The tracks that bookend this new album from Kaiserslautern’s Könige des Metalls, Hammer King, neatly sum up everything you need to know about this admirable band.
First up, the stately operatic metal of the title track. If it doesn’t make you immediately think of Manowar I’m afraid there’s no help for you. Secondly, the epic album closer We Sail Cape Horn. If it doesn’t immediately make you think of Iron Maiden I’m afraid there’s no hope for you.
But whilst Hammer King’s reference points are glaringly obvious to anyone with half an eye to see, that doesn’t stop Poseidon Will Carry Us Home from being an absolute rip-roarer of a heavy metal record. Every track drips with reminiscence of someone else, yes – but almost every track is also a killer.
A King is a Deadly Machine features a superb guitar solo right out of the Ross the Boss playbook, and comes equipped with that high-cruising speed drumming used so well during the days when Rhino was behind the Manokit. As an opening brace of tracks I haven’t heard better all year than the title track and this one, and they set a high level for the rest of the album to live up to.
It doesn’t quite manage to do so – although pretty much every track has something to offer it. Battle of Wars has a latter day, Celtic Maiden feel to it – throw in a bit of Grave Digger and you’ll get the idea – and the wannabe epic 7 Days and 7 Kings goes back to Manowar for it’s inspiration without quite harvesting the rewards that the bones of the song promise.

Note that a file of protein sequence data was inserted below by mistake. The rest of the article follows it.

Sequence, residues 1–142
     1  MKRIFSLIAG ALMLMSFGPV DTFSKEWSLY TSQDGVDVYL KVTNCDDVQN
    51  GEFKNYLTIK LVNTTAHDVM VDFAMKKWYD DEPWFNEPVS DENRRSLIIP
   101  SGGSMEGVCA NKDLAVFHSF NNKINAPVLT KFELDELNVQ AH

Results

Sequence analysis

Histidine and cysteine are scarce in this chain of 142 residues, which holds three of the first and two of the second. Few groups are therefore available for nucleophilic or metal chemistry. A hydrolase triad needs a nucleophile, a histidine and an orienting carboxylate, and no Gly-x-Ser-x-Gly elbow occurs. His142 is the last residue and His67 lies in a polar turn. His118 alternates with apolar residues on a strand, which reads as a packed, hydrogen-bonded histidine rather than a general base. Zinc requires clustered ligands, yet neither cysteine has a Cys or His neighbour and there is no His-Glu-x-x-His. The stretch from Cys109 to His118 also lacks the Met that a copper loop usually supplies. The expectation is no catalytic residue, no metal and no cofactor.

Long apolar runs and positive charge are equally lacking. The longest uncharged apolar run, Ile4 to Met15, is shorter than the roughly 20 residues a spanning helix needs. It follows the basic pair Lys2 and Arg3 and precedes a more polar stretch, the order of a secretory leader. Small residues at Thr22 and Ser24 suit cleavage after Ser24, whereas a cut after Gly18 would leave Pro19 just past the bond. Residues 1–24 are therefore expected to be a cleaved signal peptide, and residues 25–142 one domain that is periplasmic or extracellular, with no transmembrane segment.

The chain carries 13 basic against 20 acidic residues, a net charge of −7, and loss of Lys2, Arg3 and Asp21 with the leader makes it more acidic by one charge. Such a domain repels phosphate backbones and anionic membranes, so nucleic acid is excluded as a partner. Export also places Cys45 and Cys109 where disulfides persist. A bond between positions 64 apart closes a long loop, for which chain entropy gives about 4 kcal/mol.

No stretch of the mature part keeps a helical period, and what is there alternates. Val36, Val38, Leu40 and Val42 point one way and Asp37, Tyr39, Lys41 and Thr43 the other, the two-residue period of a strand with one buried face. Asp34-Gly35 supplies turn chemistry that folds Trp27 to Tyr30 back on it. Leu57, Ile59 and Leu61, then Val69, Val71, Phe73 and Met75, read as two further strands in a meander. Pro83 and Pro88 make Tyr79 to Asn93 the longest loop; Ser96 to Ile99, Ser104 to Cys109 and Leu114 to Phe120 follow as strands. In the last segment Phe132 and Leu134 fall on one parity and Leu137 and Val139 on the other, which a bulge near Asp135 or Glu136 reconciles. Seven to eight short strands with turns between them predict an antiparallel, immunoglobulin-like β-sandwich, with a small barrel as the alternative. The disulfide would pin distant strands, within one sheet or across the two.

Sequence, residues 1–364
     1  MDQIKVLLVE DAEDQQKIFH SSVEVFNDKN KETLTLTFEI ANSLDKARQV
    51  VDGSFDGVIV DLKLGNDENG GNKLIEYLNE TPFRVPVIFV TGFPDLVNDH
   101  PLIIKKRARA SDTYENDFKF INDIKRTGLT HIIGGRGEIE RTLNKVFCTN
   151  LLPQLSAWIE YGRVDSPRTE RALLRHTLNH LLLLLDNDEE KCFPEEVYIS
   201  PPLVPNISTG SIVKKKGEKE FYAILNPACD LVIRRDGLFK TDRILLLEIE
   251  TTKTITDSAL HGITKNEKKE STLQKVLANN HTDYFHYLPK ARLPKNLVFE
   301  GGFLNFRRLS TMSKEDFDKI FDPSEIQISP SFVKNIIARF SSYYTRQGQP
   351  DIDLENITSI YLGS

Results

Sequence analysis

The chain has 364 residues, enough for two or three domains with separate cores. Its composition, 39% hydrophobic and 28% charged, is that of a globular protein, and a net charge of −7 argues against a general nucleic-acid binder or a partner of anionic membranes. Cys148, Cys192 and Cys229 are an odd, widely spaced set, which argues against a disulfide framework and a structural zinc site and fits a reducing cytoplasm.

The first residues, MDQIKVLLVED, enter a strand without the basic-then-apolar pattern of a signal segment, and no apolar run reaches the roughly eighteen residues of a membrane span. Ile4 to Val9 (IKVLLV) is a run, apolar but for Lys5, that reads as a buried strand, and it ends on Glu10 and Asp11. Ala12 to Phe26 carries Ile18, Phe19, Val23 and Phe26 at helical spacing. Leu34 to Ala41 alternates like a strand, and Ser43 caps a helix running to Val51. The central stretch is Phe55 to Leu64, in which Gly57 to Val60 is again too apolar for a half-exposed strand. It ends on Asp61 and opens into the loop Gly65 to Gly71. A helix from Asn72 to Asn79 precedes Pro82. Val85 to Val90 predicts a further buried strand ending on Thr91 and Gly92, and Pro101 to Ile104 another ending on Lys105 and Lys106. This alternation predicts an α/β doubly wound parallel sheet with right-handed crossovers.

Warriors of Angelhill borrows the same demon that added it’s talents to Iron Maiden’s Still Life to kick things off but turns out to be a far better track than that; stomping, melodic, majestic – it’s everything HammerFall used to be twenty years ago but don’t seem to be able to be anymore. A modern day metal classic is born!
Where the Hammer Hangs carries on the epic feel of it’s predecessor, all dramatic backing vocals and edgy, brittle riffage, mixed up with superb lightning-quick harmony guitars and crowd pleasing who-ohs and a fist banging chorus that deserves to ring out all over Euro festival fields next summer.
Glorious Night of Glory isn’t quite as august, as it’s slightly clunky title might suggest, and the same might be said for the throwaway Locust Plague. Penultimate track At the Mercy of Waves benefits from a slight change in pace, dropping the tempo down a bit to give a bit of variety, and the chorus brings to mind the mighty Running Wild at the height of their powers. Which leaves the already-mentioned closer We Sail Cape Horn to bring the curtain down on proceedings. As noted, it’s a seven-minute long slice of unabashed Maiden worship. And it’s bloody brilliant!
Hammer King are at that level now, on the back of two very strong releases, where they really need to be getting bigger exposure than they currently receive. Tracks like Where the Hammer Hangs are every bit as good as anything coming out on a ‘major’ metal label at the moment, certainly as good as anything being released by established big name bands. It would be great to see this album bringing the band the recognition they deserve.
Poseidon Will Guide Us Home is out now.